To the readers of Endocrine,
2020 has drawn to a close, and an end to the pandemic that has made this year so disastrous is now in sight, thanks to an unprecedented scientific achievement: in the 10 months that have passed since the first cases of “atypical pneumonia” were reported in China, the molecular structure of the virus that causes COVID-19 has been identified, and vaccines capable of defending us against that virus have already been produced, and are now being administered throughout the world. The possibility that we will soon be able to recover some sense of normalcy is exhilarating, the desire to put this annus horribilis behind us overwhelming.
But before we race ahead, it is imperative that we look back and reflect on what exactly has happened. During the final months of 2019, yet another zoonotic virus was making the leap from animals to human hosts. Unlike many of its predecessors, this one spread like wildfire and quickly began to cause suffering with almost 2 million deaths, leaving in its wake grieving disoriented communities, shattered economies, healthcare systems on the verge of collapse, and a pervasive sense of uncertainty.
And yet, 2020 also brought with it hard but invaluable lessons that we can not afford to forget:
First, our planet is crisscrossed with essential networks that ensure almost real-time global distribution and redistribution of food, livestock, raw materials, manufactured goods, and last but not least human beings. Science has shown us unequivocally how these networks distribute viruses and other pathogens as well. It is thus essential that our concept of “health” and “healthcare” needs to be broadened, made more global. It would be short-sited [myopic] for any country to believe that health can be achieved or maintained in national terms alone.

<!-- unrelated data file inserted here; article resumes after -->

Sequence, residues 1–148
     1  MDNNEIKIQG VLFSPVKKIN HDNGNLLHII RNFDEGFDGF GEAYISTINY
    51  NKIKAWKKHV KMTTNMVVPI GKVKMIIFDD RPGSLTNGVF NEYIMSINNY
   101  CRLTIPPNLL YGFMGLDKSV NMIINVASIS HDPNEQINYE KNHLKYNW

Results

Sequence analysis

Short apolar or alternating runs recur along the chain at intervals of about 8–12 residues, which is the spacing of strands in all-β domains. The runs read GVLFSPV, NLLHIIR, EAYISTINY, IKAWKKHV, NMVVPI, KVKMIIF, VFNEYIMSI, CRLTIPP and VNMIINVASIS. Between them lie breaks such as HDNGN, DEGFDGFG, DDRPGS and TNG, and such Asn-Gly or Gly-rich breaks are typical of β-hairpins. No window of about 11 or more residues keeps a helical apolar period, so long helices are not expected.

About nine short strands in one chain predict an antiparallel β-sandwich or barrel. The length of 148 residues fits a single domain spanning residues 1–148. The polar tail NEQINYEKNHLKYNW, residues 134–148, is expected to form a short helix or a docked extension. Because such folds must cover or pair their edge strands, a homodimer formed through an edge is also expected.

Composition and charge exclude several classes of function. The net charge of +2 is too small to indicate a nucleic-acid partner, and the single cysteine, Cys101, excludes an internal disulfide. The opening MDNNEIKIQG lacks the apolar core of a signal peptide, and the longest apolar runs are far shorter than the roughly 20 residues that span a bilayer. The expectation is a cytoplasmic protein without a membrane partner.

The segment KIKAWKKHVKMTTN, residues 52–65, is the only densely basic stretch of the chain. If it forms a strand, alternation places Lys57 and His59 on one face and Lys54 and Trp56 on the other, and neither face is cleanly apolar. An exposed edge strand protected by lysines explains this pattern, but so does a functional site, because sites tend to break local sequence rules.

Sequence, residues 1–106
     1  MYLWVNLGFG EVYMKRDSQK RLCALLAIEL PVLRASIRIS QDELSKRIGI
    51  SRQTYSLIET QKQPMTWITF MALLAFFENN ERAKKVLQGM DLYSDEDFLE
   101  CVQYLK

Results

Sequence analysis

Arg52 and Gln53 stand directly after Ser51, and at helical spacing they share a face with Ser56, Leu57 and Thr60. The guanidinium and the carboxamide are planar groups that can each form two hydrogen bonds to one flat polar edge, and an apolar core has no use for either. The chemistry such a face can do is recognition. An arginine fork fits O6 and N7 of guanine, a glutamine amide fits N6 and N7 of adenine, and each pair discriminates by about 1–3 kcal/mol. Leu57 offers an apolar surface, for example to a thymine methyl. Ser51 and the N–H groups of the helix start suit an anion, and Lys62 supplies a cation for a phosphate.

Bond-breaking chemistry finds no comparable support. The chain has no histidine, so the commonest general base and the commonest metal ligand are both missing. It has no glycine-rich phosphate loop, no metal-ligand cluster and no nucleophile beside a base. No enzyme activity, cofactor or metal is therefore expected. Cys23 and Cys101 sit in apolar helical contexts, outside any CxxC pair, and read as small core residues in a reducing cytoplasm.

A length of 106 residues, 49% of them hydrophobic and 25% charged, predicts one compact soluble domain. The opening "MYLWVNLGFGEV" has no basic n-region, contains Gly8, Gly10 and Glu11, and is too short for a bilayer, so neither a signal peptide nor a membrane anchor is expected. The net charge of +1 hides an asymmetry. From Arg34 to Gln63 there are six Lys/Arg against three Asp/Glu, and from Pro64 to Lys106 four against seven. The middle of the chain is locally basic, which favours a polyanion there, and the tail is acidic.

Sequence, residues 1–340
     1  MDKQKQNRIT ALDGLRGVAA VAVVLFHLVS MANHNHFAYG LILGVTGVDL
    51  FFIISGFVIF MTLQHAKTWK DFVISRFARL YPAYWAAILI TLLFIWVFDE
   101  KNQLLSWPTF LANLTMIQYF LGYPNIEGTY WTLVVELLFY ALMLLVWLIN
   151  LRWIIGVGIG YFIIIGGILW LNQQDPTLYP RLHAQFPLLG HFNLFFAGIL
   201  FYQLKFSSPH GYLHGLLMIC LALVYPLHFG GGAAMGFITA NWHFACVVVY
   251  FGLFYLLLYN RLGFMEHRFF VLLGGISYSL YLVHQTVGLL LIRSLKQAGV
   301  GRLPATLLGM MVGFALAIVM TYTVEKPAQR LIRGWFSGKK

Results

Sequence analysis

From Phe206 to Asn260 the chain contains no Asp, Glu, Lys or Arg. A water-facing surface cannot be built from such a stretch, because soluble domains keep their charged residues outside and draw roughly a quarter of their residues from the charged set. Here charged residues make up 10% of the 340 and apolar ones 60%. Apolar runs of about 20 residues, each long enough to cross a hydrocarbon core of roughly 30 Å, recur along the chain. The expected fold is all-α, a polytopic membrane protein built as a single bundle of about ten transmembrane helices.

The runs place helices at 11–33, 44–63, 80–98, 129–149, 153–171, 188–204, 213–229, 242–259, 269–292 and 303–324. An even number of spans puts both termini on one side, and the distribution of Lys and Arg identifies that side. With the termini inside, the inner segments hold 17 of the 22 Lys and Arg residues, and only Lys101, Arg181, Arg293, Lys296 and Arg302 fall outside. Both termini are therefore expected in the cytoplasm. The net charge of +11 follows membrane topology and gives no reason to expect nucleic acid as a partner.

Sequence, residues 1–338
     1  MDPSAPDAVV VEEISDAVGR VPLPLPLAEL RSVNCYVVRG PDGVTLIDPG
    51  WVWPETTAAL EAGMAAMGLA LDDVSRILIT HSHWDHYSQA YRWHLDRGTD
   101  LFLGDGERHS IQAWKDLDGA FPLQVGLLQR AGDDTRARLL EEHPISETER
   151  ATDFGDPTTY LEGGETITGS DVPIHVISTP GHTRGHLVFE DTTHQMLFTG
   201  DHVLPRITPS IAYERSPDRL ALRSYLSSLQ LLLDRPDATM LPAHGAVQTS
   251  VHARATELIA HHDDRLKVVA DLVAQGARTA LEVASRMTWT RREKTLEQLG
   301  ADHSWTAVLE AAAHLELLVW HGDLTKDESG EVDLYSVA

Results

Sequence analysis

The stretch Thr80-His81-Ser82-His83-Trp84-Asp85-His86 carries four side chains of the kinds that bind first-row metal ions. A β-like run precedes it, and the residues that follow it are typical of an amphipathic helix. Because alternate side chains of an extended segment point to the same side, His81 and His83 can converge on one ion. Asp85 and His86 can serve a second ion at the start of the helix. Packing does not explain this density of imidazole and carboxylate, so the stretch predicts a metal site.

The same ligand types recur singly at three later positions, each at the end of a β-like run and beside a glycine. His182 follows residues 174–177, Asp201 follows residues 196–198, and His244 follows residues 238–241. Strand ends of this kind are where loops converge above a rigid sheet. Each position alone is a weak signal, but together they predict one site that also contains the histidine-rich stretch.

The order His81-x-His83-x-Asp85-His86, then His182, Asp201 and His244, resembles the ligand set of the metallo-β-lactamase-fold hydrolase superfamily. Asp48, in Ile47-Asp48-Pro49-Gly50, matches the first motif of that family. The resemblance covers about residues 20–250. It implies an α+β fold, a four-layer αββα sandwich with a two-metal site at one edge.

Second, the lockdowns imposed on societies to slow the alarming spread of this previously unknown disease have had equally disruptive effects. The restrictions have had a dismaying impact on virtually all the activities of our daily life: shopping, working, learning, teaching, socializing, commuting, traveling, healthcare activities (from routine prevention to urgent diagnostic procedures and treatment), etc. have all been appreciably restricted [o disrupted]. And yet, remote alternatives and work-arounds are being discovered, distributed, improved, mastered, and updated with remarkable speed, and once again, these solutions have been provided by the fields of science and technology.
The world’s remarkable response to the COVID-19 pandemic is rooted in active and often innovative forms of collaboration and exchange, among scientists across the world, and in the combined power of public and private investments.
The field of endocrinology, like other disciplines, has been strongly impacted by this pandemic. Patients with acute and chronic endocrine disease have suddenly been faced with delays or suspension of care and medical advice (sometimes self-imposed for fear of contagion) they once considered essential (e.g., routine follow-up visits, treatments, surgery, diagnostic procedures). But COVID-19 also has numerous direct effects on the endocrine system that have been and continue to be described . Endocrine has been at the forefront in documenting and promoting awareness of these aspects of the disease, as reflected by our publication of the ESE statement outlining the effect of COVID-19 on the endocrine system  and editorials calling attention to the evolving changes, the emerging challenges, and new scenarios introduced by COVID-19 [2, 3].